Tuesday, 30 November, 2021

Asmara, the capital of Eritrea in Africa, declared a World Heritage Site

  • Sun Online Desk
  • 9th July, 2017 02:00:22 PM
  • Print news


If Africa is on your list of must-see places, do visit Asmara, the capital of Eritrea, which is home to some spectacular architectural wonders. The people of Eritrea have long said their capital Asmara is like no other city in Africa, and on Saturday the United Nations agreed, designating it a World Heritage site.


The proclamation ends a long-running quest by Eritrean authorities to have the city’s unique architecture, which includes an art-deco bowling alley with coloured glass windows and a petrol station built to resemble a soaring aeroplane, recognised by the UN cultural body, UNESCO.


It’s also a rare example of positive world recognition for an African nation that is a major source of migrants fleeing across the Mediterranean to Europe due to the country’s repressive policies.


“The city’s recognition as a heritage site of outstanding universal value fills us with tremendous pride and joy, but also with a profound sense of responsibility and duty,” said Hanna Simon, Eritrea’s permanent delegate to UNESCO. The decision was taken at a meeting of the World Heritage Committee in the Polish city of Krakow.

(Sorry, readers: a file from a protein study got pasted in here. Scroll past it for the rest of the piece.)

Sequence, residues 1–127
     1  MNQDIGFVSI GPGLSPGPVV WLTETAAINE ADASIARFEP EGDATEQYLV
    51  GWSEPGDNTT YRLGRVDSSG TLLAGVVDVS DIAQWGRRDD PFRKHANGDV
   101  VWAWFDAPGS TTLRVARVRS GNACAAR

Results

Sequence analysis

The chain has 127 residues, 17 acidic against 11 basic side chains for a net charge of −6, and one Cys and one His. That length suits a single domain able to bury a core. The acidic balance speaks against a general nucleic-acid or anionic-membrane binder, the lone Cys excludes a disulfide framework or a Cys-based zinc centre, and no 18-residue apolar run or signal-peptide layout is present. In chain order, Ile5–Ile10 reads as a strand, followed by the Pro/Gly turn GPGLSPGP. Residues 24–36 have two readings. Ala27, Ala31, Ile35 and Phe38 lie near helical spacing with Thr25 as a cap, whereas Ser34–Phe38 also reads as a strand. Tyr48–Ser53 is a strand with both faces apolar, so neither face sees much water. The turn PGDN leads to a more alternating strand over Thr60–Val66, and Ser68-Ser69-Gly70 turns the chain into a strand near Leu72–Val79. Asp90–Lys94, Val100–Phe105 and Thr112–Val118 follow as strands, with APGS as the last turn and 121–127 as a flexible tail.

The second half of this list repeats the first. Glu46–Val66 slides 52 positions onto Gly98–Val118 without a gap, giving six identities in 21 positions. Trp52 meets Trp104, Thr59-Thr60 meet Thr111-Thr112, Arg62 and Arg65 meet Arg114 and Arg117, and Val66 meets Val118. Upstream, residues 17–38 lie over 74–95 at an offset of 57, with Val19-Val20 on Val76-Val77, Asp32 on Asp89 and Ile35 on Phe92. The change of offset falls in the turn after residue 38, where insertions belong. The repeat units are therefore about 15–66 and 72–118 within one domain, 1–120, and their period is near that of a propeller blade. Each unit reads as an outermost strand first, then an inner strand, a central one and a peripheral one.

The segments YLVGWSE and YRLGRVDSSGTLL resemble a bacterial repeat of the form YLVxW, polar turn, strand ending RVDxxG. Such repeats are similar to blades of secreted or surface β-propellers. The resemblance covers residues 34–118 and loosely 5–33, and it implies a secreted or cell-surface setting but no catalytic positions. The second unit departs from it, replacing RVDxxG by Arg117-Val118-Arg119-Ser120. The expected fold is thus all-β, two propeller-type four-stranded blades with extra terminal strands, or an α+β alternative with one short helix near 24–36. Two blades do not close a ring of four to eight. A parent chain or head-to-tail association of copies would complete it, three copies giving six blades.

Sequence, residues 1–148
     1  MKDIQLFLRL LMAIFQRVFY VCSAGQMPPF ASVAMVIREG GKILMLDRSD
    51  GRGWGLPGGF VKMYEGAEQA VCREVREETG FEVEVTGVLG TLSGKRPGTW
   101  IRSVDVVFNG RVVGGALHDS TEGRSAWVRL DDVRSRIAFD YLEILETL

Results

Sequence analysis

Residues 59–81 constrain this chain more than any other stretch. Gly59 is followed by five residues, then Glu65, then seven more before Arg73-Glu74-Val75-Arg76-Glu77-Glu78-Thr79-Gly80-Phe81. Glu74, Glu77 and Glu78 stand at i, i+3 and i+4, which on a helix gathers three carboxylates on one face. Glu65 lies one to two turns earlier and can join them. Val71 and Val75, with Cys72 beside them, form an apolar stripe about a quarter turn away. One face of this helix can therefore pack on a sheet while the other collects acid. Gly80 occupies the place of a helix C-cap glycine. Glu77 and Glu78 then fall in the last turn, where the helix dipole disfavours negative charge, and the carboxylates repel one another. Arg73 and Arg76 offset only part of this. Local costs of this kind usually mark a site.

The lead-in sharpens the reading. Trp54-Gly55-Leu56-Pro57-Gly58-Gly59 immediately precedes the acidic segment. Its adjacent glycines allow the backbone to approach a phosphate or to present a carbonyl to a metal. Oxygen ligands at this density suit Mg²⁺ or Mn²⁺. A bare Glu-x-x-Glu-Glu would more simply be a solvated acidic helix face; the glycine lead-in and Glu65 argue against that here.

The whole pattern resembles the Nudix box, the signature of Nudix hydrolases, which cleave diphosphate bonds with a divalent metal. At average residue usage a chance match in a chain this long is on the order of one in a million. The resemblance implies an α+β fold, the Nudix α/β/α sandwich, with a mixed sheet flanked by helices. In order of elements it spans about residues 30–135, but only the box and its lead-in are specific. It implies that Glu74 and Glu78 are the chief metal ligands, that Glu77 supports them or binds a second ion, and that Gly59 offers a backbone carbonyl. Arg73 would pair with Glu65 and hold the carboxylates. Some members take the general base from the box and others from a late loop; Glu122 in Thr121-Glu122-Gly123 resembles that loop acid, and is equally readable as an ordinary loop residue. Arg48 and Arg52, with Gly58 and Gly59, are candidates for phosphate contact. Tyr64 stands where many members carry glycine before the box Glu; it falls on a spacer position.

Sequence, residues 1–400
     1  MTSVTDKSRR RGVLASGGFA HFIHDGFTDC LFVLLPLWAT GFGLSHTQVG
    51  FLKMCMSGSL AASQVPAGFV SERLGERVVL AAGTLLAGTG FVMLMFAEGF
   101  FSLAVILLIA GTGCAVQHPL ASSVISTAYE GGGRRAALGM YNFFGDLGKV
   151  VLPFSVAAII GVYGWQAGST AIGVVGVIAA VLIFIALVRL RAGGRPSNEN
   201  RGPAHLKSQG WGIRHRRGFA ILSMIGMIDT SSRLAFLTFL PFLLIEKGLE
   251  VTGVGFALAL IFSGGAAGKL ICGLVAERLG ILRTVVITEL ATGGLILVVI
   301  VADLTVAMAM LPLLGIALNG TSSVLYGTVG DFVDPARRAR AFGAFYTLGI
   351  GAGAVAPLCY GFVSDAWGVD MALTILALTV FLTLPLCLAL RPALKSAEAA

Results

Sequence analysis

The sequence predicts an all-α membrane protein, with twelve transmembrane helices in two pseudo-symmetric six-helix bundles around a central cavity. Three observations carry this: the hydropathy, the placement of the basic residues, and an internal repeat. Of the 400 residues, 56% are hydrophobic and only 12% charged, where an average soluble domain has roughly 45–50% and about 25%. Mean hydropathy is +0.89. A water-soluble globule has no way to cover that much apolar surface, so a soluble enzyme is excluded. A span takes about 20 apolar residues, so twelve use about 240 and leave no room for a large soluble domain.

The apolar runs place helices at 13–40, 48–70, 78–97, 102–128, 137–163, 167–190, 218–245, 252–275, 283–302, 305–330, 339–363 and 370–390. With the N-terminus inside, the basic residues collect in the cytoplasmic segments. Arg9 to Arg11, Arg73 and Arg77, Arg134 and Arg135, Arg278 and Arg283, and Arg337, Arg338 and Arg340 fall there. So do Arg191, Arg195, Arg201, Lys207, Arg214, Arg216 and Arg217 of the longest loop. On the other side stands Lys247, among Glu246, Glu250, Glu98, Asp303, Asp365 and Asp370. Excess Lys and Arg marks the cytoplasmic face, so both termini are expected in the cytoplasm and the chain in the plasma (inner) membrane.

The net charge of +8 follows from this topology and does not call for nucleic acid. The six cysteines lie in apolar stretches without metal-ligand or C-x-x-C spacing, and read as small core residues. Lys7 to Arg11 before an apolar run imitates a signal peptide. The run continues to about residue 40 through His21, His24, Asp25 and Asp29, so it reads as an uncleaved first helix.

A former Italian colony, most of the futuristic designs of the Eritrean capital date back to the rule of fascist dictator Benito Mussolini from 1936 to 1941.



Architects whose designs were unwelcome in conservative European cities found a place in Asmara at a time when about half of the city’s population was Italian and the city was known as ‘Piccola Roma’, or “Little Rome”.


While the modernist architecture of other Eritrean cities was destroyed during a decades-long war of liberation from Ethiopia, Asmara’s survived and was declared a national monument by the government in 2001, which refers to it as Africa’s “City of Dream” (sic).


But efforts to restore the marble facades and Roman-style pillars of the city’s theatres and cinemas have been hampered by a shortage of money and local expertise, city authorities say.